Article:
Among the most consistent questions my colleagues and I have received as financial planners from investors relates to the timing of when they should take their Social Security (SS) benefits. Social Security is a relatively complex system with many rules that pertain to various circumstances. Let me first emphasize that there are no absolute answers, and each individual’s situation should be assessed on its own merits. Unless of course you can tell me precisely when you will die, in which case I can provide you with a far more precise answer.
I would venture to guess that the majority of articles and publications on this topic will suggest that you wait as long as possible to collect. I will attempt to defy what may be the conventional wisdom, because in my experience the conventional wisdom is often wrong. Let me first say, none of this is based on the known actuarial problems facing the SS trust fund, which begins to run a shortfall projected around the year 2033. The SS trust fund is made up of intragovernmental debt (US Treasuries). The funding sources for SS have been merged with the general taxes collected for many decades. Since the United States operates with a fiat currency, “running out of money” is essentially impossible. I say this not to minimize the challenges that such entitlement programs face, as they can have many other substantial economic consequences on the nation beyond the scope of this article. However, the fear of the government “running out of money” should play no role in determining when you should collect your benefit.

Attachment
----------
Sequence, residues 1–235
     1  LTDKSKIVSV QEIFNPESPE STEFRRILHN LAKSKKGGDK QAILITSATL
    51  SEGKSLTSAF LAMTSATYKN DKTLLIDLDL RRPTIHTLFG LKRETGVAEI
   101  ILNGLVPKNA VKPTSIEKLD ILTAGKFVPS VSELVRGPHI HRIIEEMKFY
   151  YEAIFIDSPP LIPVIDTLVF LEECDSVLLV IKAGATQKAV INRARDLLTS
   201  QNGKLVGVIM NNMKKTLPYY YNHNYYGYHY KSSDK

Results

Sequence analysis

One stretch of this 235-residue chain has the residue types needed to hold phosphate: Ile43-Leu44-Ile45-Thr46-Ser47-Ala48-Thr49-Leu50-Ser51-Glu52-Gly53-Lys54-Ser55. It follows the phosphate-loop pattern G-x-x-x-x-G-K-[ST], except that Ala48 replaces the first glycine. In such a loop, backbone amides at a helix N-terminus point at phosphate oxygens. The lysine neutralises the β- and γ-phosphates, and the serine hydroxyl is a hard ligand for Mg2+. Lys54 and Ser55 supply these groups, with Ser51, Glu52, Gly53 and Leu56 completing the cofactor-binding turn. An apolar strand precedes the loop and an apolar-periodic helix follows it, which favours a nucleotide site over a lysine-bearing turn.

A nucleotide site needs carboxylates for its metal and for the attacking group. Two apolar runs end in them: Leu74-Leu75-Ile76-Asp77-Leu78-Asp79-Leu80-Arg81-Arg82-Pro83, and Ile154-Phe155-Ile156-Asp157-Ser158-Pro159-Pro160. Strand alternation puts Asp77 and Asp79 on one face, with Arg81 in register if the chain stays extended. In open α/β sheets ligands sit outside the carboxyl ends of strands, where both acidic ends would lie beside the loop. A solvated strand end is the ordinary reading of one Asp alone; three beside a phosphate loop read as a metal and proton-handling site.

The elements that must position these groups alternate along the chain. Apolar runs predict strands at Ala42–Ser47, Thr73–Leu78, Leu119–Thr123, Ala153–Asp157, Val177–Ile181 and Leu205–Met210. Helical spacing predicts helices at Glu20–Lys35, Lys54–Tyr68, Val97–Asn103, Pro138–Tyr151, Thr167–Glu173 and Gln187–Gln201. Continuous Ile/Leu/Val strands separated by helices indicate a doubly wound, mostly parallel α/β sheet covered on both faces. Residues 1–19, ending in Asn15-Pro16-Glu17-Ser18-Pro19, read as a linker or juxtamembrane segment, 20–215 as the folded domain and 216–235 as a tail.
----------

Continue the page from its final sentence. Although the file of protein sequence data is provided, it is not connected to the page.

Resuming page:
SS benefits allow, under normal circumstances, that you can collect your benefits prior to your full retirement age (FRA) as early as age 62, or past your full retirement age as late as age 70. Full retirement can be differing ages as defined by SS depending on when you were born. Each year you delay the benefit, it increases by 8% using a simple interest calculation rather than a compounding calculation.